The Black Heritage Trail of New Hampshire Hosts Jean Bosco Rutagengwa

Author of “When Love Prevails” –  A Story of Surviving the Rwandan Genocide

Press Release

On Thursday, September 26, 2019 at 5:30 PM, the Black Heritage Trail of New Hampshire (BHTNH) will host a book talk with Jean Bosco Rutagengwa, author of “When Love Prevails”. The event, part of the weekly educational Thursday on the Trail series, is free and open to the public, and will be held at the BHTNH headquarters at 222 Court Street in Portsmouth.

This intriguing book is the unforgettable story of Jean Bosco Rutagengwa and his wife, Christine, and how their love and faith sustained them in the face of the Rwandan genocide

Twenty-five years ago this April a savage campaign of genocide began against the Tutsi people of Rwanda. In the space of 100 days a million people died at the hands of their countrymen. “When Love Prevails” is the true story of two survivors of the Genocide, who lost everything except their faith and one another.

Jean Bosco Rutagengwa worked as a government official; he and his fiancée, Christine, were among the millions caught up in one of the most terrible events of modern times. While most of their family members perished, they found refuge in what became famous as “Hotel Rwanda.”

The Rutagengwa’s story of survival is at once a love story and a harrowing look at what happens when a country is overrun by evil. Theirs is also a story of faith—an effort to find God in the midst of horror, to continue to believe even as you face the death of your loved ones—and of their struggle, when the horror finally ended, to find and to share meaning, healing, and reconciliation.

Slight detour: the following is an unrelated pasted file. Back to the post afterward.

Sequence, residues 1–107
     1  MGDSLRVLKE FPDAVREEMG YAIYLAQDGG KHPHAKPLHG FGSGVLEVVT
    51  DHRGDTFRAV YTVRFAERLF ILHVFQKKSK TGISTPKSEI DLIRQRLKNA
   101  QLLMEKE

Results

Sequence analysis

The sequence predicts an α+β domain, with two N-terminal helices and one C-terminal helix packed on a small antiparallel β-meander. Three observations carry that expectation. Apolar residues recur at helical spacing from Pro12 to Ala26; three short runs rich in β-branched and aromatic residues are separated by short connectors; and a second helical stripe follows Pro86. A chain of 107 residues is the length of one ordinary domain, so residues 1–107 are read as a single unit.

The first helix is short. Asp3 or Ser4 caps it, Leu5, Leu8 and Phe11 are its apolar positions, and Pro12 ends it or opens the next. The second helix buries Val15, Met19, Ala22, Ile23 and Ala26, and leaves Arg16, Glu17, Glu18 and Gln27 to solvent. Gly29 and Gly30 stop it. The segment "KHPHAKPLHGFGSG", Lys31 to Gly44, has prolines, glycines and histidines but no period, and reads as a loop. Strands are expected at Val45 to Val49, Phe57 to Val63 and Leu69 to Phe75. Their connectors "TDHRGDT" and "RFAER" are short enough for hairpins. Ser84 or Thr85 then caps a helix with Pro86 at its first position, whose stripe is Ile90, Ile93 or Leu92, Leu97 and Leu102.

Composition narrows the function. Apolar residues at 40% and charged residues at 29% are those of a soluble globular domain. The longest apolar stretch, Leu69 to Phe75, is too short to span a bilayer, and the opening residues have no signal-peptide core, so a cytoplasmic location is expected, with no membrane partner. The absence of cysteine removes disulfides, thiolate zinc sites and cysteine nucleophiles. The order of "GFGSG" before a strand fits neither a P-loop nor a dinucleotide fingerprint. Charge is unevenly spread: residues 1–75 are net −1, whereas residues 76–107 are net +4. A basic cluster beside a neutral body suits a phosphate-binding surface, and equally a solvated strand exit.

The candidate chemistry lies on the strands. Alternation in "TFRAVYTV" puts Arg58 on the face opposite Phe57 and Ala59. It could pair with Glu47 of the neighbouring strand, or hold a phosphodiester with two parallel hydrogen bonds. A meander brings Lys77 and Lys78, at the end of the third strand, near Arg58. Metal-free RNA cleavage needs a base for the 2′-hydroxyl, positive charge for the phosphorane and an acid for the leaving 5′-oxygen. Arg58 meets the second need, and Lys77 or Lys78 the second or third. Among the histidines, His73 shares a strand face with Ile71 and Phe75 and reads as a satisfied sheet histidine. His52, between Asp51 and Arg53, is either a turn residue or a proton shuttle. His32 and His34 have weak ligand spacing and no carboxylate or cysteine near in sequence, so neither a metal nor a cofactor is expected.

Born in Rwanda, Jean Bosco Rutagengwa served a Director General of Foreign Trade and as Chief of Staff at the Rwandan Ministry of Commerce. He is co-founder and first president of IBUKA, the organization for Genocide survivors. Jean Bosco, Christine and their family immigrated to the United States in 2000 and settled in New Hampshire, where they live today. They continue to share their story and the story of Rwanda, accompanying faith and humanitarian groups who seek to understand their country’s past and its long struggle to heal.

This book talk is a part of the ongoing educational outreach that is the mission of the BHTNH.  For the past 20 years the Portsmouth Black Heritage Trail has been a leader in celebrating the history and culture of people of color in New Hampshire through a series of educational programs and special events.  The BHTNH is honored to continue that tradition by offering five major programs per year and, tours and other special programs like this book talk, that explore the past , present and future of Black heritage in the state.

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